Student Vote allows Ontario students a chance to experience democracy firsthand
Mike Lawrence - Staff Writer
Area students were able to take democracy into their own hands when participated in Student Vote Ontario 2022. The Student Vote program encourages schools across the province to engage in a hands-on learning experience that allows students to explore the voting process firsthand. Schools that registered with the program received learning materials as well as ballots and ballot boxes, and, as stated on the Civix Student Votes website (https://studentvote.ca/on2022/) “Explore government and the election process, investigate the parties and candidates, and engage in discussion with their peers and families.”
Students were then able to vote in a mock election for one of the official candidates that were running in their school’s electoral district.
Teresa Bower is a Grade 6/7 Teacher at Sacred Heart School who helped oversee the Student Vote, with classes ranging from Grades 5 to 8. As she explains of the experience, “The vice-principal came to us and asked if we would run it, and it connects with the social studies curriculum, for government.
The kids seemed to enjoy it. They were quite passionate. It was fun for them to try on different roles and for them to organize something. It’s good for developing their organizational skills, interpersonal skills. It was sort of last minute, so we had to act quickly. They chose their roles and then they did a pretty good job, given their lack of experience. We read about what their roles were and what that entailed.”
Bower also noted, “The idea behind the project is to spend time learning about the candidates, and the students wanted to. Going around to classes and presenting about different candidates. It was also confusing for them having one of their teachers (Manuela Michelizzi- Liberal Party candidate for Kiiwetinoong) running. So that added another layer. They really gave it their best effort.”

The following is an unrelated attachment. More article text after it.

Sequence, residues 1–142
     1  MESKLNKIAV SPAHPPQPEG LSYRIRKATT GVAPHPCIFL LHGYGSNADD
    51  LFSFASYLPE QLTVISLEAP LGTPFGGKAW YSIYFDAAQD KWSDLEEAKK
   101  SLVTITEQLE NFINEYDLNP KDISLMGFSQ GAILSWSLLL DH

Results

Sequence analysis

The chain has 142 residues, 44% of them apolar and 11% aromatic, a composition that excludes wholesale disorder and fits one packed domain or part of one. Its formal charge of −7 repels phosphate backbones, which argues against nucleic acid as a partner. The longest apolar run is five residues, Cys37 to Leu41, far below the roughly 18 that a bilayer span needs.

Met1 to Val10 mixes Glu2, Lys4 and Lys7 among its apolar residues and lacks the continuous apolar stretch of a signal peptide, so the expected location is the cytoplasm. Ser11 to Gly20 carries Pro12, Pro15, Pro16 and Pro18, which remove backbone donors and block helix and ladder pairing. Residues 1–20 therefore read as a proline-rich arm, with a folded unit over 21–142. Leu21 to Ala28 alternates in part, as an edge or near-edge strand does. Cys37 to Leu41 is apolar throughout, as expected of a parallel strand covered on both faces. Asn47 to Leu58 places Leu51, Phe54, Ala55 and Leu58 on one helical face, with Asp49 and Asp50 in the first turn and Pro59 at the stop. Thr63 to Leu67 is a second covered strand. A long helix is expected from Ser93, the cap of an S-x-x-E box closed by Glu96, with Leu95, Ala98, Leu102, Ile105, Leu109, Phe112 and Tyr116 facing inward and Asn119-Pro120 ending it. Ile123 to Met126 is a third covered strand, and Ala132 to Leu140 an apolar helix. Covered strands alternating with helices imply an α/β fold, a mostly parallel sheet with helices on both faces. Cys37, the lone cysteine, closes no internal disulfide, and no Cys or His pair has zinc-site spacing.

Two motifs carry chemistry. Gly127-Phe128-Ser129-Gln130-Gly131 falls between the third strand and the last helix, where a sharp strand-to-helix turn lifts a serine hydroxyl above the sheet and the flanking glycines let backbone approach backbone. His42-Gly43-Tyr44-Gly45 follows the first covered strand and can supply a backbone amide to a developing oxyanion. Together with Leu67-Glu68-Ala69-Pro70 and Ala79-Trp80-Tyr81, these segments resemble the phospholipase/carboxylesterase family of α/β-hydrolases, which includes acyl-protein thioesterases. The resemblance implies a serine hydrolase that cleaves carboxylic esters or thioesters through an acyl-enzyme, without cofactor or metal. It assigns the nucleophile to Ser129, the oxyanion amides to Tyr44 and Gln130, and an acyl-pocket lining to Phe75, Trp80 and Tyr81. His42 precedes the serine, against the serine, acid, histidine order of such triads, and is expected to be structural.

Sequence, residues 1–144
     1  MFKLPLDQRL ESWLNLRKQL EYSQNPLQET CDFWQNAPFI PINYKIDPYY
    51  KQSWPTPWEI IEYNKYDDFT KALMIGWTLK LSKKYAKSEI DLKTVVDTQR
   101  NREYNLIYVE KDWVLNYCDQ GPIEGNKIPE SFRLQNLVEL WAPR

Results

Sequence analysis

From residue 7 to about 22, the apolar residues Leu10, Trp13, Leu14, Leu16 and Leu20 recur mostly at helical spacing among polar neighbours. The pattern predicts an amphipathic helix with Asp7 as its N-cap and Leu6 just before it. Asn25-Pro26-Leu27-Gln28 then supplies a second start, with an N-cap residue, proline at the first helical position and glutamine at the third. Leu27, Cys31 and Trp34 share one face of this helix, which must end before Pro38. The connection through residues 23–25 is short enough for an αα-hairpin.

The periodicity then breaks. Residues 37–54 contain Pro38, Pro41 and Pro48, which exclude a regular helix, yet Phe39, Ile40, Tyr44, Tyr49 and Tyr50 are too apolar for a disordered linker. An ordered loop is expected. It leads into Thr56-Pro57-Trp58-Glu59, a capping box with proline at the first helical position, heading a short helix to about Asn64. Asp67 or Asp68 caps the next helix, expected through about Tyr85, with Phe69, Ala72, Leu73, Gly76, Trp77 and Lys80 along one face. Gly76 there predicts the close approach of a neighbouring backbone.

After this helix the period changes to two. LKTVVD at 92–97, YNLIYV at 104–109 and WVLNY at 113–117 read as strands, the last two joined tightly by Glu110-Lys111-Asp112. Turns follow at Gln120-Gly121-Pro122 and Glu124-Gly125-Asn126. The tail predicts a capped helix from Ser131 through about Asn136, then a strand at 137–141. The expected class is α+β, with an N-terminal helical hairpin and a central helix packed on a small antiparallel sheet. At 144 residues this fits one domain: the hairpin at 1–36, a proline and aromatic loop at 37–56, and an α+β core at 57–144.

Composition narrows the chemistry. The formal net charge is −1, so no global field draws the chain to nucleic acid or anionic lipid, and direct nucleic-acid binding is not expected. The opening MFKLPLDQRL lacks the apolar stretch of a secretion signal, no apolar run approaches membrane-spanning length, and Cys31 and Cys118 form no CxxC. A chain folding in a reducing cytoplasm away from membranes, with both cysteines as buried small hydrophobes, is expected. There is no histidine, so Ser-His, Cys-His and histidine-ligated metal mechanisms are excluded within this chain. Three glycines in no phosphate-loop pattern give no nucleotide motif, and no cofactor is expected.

Nicole Carbone is a teacher at Sioux North High School. As she explains, “The Civix Student Vote was an initiative that we wanted to follow with the rest of the province. The resources that came from the Civix organization were really amazing, very empowering for the students to actually learn about and actually engage in the student vote. We had 119 ballots cast by students in the school, which was done over lunch and on break for all grades, from 9 to 12. From there the votes were tallied and allotted to the five parties, of which the NDP was our overall winner.” Carbone shared that out of the 119 ballots cast, there was only one spoiled vote.
Results from across the province, as per the Student Vote website, break down as follows:
The NDP took 28.7% of the popular vote and won 75 seats, forming a majority government. Andrea Howarth won her seat in Hamilton Centre.
The Liberals will form the official opposition with 28 seats. The Liberals won 21.9% of the popular vote overall. Steven Del Duca won his seat in Vaughan—Woodbridge.
The PC Party took 18.7% of the popular vote and won 17 seats. Doug Ford won his seat in Etobicoke North.
The Green Party took 16.0% of the popular vote and won 4 seats. Mike Schreiner won his seat in Guelph.
Comparing these mock election results to the official election results: The PC Party won 83 seats to form a majority government. The NDP won 31, the Liberal Party won 8, and the Green Party won one seat.
Students in the Kiiwetinoong riding re-elected Sol Mamakwa as MPP, the same result as the official election.
Participating schools in the Kiiwetinoong riding included Crolancia Public School, Golden Learning Centre Public School, Michikan Lake School, Sacred Heart School, Sioux Mountain Public School, Sioux North High School and St. John’s Separate School.